Miles walked:today 18 cumulative 405.2
I had one final look at Bath by getting to the start of the Cotswold Way via the Circus and the Royal Crescent
The lawn in front of the houses is owned by the residents. When we went there on Sunday a number of picnics were in progress. One of the houses has been restored to its Georgian state and is open to the public. Well worth a look round.
I walked past a beer shop. The owner is obviously celebrating England’s cricket success. All the fielders have England names on their backs.
I tore myself away from Bath and headed up the Cotswold Way. As I left the Avon valley it was obvious to me how small the historic centre is compared to the whole city which has expanded westwards along both sides of the valley.
I passed through what used to be the village of Weston which is now really a suburb of Bath. This photo was taken from the trig point on Weston Hill. Unusually, the path continues to climb after the trig point which is not at the summit of the hill.
The path more or less follows the Western escarpment of the Cotswolds. Views were limited by the haze. The day was hot and humid. I could see several areas of rain showers, fortunately they missed me.
The path crosses Bath racecourse to reach the Iron Age (or earlier) hill fort at North Stoke. On the South side the banks and a ditch are well preservedAfter the fort the path runs alongside a golf course. Half way along there is a rather macabre sculpture in an adjacent field. The scultor is David Morse who specialises in using scrap metal for his pieces.The path then crosses and recrosses the county border before deciding to settle in Gloucestershire. Hoorah! My 4th county. The Cotswolds make for grand walking. There should be good views to the West but it was hazy today and the forecast for tomorrow is not good.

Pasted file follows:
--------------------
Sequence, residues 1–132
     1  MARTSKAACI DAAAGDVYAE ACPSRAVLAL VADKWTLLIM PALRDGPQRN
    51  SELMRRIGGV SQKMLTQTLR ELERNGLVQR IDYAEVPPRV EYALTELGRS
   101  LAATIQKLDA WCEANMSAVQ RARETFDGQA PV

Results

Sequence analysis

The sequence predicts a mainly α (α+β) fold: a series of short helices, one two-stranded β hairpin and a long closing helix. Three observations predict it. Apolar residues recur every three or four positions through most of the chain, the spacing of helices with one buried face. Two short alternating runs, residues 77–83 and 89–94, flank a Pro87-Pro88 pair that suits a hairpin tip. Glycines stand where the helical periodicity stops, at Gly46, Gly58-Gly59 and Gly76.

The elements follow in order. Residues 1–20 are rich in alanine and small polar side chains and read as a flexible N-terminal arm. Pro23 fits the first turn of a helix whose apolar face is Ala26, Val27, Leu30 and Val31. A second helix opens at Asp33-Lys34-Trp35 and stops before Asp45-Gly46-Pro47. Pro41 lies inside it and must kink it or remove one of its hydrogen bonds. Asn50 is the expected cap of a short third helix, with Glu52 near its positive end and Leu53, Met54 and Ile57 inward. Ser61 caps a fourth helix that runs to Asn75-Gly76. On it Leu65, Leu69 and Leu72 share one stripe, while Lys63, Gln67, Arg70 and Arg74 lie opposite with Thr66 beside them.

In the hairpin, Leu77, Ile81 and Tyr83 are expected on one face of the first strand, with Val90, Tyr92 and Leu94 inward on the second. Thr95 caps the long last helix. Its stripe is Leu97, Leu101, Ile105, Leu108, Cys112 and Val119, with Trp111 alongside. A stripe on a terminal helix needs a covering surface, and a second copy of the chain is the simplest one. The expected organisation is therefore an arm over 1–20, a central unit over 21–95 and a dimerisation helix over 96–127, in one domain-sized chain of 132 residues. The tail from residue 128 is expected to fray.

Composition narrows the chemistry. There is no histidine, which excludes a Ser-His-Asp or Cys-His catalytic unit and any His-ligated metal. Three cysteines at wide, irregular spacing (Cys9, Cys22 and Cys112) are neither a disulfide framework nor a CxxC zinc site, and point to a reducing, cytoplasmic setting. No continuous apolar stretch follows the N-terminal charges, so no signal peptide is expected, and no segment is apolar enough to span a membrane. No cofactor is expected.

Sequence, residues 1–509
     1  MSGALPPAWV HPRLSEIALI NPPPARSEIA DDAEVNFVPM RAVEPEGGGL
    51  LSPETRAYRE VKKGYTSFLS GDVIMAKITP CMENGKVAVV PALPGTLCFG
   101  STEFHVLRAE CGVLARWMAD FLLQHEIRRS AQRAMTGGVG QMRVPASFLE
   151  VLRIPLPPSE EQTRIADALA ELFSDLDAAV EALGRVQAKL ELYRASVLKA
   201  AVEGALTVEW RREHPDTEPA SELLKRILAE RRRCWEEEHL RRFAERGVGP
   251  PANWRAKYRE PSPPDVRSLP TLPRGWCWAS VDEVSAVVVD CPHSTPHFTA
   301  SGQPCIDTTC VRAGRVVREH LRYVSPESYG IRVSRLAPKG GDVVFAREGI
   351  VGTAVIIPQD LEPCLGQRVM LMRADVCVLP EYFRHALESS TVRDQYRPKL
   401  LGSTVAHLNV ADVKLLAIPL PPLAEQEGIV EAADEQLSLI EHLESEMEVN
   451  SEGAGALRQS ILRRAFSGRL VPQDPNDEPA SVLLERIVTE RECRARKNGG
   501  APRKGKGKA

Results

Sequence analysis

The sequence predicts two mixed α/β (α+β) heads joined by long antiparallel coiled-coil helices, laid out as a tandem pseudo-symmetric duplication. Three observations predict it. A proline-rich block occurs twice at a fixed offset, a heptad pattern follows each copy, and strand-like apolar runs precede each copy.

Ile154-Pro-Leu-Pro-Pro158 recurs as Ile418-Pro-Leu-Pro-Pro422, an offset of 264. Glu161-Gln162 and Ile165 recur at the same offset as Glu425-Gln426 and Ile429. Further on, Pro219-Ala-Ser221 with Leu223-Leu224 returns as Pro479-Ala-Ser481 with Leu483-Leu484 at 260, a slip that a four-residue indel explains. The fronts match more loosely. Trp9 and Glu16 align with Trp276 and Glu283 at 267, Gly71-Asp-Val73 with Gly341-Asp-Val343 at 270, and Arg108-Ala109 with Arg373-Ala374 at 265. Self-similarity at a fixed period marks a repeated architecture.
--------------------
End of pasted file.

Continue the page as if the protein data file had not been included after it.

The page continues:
The path then crosses and recrosses the county border before deciding to settle in Gloucestershire. Hoorah! My 4th county. The Cotswolds make for grand walking. There should be good views to the West but it was hazy today and the forecast for tomorrow is not good.
I then crossed the site of the Battle of Lansdown Hill (1643). This was an attempt by the Royalists to take Bath. Placards along the path tell the tale of the battle and bring it into perspective with the terrain. You can see the difficulty for the Royalists as they had to attack uphill. The wall used as a line of defence by the Parliamentarians is still present. As the forces advanced and retreated skirmishes took place over several miles of this hilly countryside. Historians feel the result was inconclusive because although the Royalists dislodged the Parliamentarians they did so at such a high cost (800-1000 killed or wounded) that they had to withdraw. Ironically the commanders of the two armies were friends before they found themselves on opposite sides.
nearby there is a monument to Sir Bevil Grenville who was killed in the fighting
I continued northwards along the escarpment. The Way passes through the parkland of the 17th Century Dryham Park. There is a country house and church here, now owned by the National Trust. My timing was perfect! I stopped for a cup of tea and a slice of NT tea lady cake.
The next milestone was reached when I crossed the M4. Like my psychological feeling that the M5 marks the boundary between Southwest and Southern England I believe the M4 is the boundary between the South and the Midlands. I completed the 400th mile about the same time. I could have chosen a shorter route, but, as I said earlier, I intend to meander to visit parts of the country I want to walk through. For the technically minded I am using the app “walkmeter” to measure my waking distance. This is a GPS system and the maps it draws correspond to the OS maps so I think it is accurate.